- 0Apr 10, '10 by GradNurseInTNThanks for all the info LarryV. I am interested in becoming a flight nurse in the AF reserve and was trying to determine if I could complete all of the training requirements and keep up with my school schedule. I will be starting grad school next year and by the sounds of it, the initial training is going to take about 4 months to complete. So I'm trying to determine when the best time would be to put my paperwork in.
So please keep us posted on your application process, and the timeline of events. I think this would be an opportunity of a lifetime and I can't wait to get the process started. So congratulations to you. And by the way, where are you going to be stationed?
- 0May 5, '10 by sapphirechic66Hey I'm looking into becoming an in flight medic as a reservist at Lackland AFB in SA. I was wondering if you could give me some details to the job? I'm going to interview for it and then my recruiter told me we'd set up the contract where the job is in there. My questions are what else will I be going through? Do you go to flight school? Overall, what was your training like? Will I get to be in the air a lot or will I be grounded? Thanks!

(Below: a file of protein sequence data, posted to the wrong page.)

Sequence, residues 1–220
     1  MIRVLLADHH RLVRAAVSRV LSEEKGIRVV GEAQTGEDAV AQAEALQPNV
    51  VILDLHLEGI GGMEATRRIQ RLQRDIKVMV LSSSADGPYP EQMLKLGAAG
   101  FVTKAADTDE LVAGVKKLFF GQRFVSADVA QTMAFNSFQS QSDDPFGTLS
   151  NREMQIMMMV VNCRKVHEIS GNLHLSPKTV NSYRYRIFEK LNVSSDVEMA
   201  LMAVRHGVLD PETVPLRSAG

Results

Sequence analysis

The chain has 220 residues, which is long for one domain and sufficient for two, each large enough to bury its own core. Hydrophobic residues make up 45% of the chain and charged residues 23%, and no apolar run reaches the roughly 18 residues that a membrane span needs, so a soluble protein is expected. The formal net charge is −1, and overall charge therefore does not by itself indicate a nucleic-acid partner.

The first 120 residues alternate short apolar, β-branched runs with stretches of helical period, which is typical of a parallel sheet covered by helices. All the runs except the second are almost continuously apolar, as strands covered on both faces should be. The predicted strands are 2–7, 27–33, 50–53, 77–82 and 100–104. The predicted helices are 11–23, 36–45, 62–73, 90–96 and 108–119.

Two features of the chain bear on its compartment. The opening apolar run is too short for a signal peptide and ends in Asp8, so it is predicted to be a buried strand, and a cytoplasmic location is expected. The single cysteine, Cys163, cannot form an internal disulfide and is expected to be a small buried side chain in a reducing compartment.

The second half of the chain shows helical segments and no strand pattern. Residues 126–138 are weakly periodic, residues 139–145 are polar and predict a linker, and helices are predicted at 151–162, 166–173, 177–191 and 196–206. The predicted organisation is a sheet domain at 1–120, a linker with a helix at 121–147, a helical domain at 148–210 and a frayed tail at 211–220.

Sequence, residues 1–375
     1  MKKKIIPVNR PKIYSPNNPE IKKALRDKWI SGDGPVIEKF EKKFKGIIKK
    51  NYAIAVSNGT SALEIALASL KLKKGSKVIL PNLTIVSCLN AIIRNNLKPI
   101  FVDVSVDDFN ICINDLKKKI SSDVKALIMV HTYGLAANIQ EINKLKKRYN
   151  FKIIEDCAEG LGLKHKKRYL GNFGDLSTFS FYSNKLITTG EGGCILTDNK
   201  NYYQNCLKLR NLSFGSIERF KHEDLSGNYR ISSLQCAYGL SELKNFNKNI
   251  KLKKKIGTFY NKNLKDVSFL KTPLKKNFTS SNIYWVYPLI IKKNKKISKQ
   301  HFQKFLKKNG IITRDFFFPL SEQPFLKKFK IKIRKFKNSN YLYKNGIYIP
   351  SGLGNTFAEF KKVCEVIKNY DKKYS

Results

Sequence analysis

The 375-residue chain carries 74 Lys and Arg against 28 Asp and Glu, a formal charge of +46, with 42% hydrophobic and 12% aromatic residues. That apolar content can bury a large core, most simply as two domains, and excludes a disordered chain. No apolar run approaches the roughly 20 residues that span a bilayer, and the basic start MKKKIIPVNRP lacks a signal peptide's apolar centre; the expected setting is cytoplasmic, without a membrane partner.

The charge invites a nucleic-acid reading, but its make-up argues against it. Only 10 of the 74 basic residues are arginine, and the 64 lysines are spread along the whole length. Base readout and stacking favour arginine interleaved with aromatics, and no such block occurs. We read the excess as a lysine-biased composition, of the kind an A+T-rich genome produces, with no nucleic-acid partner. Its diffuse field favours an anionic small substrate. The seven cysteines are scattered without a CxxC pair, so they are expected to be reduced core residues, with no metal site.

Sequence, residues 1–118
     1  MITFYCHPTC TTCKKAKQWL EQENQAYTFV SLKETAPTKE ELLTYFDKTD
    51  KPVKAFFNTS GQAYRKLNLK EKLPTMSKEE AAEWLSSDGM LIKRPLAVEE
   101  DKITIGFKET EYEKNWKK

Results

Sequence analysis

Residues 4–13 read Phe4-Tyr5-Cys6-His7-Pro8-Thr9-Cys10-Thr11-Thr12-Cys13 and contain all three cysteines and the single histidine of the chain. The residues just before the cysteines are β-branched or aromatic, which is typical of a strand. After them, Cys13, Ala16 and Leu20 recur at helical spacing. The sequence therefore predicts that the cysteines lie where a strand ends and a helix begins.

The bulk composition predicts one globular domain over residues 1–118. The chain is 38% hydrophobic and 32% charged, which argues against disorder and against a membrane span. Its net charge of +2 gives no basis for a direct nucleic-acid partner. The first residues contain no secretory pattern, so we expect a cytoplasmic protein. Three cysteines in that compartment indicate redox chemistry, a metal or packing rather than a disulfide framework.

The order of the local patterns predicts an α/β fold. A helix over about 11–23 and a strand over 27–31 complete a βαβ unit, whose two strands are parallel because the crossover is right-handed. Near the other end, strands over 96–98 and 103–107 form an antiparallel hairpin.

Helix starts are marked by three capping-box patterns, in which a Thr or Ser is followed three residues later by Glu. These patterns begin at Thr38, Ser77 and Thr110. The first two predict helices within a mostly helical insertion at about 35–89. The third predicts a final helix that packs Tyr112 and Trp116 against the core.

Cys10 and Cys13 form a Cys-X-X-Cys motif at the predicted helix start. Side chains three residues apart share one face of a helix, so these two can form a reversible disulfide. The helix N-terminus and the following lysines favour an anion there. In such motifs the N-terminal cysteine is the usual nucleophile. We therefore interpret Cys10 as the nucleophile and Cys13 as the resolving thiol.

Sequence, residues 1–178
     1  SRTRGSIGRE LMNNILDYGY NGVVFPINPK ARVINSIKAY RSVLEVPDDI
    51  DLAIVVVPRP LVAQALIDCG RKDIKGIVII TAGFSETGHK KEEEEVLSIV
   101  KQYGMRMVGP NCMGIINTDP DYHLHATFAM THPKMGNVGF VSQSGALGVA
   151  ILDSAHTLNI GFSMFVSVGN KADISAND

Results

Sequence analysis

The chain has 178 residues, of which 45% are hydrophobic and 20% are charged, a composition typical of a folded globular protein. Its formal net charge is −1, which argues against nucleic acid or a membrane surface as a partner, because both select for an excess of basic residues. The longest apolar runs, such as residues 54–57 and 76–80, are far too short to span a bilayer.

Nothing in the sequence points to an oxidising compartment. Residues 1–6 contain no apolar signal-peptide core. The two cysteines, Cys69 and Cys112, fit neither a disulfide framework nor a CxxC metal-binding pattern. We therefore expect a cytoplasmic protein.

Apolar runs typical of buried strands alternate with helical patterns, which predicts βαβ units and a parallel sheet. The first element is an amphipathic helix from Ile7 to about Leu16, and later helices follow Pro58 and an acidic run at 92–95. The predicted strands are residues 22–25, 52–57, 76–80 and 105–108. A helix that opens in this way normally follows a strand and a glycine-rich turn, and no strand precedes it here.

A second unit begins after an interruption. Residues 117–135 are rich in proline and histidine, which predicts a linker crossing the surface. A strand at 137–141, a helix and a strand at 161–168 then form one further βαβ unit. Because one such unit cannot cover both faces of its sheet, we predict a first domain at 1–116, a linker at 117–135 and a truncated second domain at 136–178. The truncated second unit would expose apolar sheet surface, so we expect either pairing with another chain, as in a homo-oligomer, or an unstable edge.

- 0May 5, '10 by rghbsnAre you talking flight nurse or flight medic? If you mean medic, then that's an enlisted position... you'll go to BMT (basic training), then tech school (where you'll become an NREMT) and then your unit. From there you'll go to flight school, ground training (usually with your unit or on your base), water survival and SERE school. You will have patient contact on missions, but other than that, you'll be doing a lot of training flights and static ground training. For more patient experience, you can go on to get your EMT-I (going away soon) or your EMT-P (paramedic)...but they won't change your scope of practice with the AF.
If you are talking flight nurse, then you're looking at COT, flight school, ground training, water survival and SERE. Again, patient contact with mission, otherwise see above. You'll get more patient contact as a nurse in a civilian position than as a flight nurse in the AF (which I would recommend to keep your skills up).